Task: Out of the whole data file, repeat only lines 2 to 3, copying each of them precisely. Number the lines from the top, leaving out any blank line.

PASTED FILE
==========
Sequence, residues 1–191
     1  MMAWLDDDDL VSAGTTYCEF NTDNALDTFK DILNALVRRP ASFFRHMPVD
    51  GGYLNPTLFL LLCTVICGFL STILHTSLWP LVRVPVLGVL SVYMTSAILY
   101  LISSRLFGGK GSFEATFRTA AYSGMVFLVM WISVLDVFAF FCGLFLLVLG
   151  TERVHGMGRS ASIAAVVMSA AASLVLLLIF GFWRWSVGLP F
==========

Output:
     1  MMAWLDDDDL VSAGTTYCEF NTDNALDTFK DILNALVRRP ASFFRHMPVD
    51  GGYLNPTLFL LLCTVICGFL STILHTSLWP LVRVPVLGVL SVYMTSAILY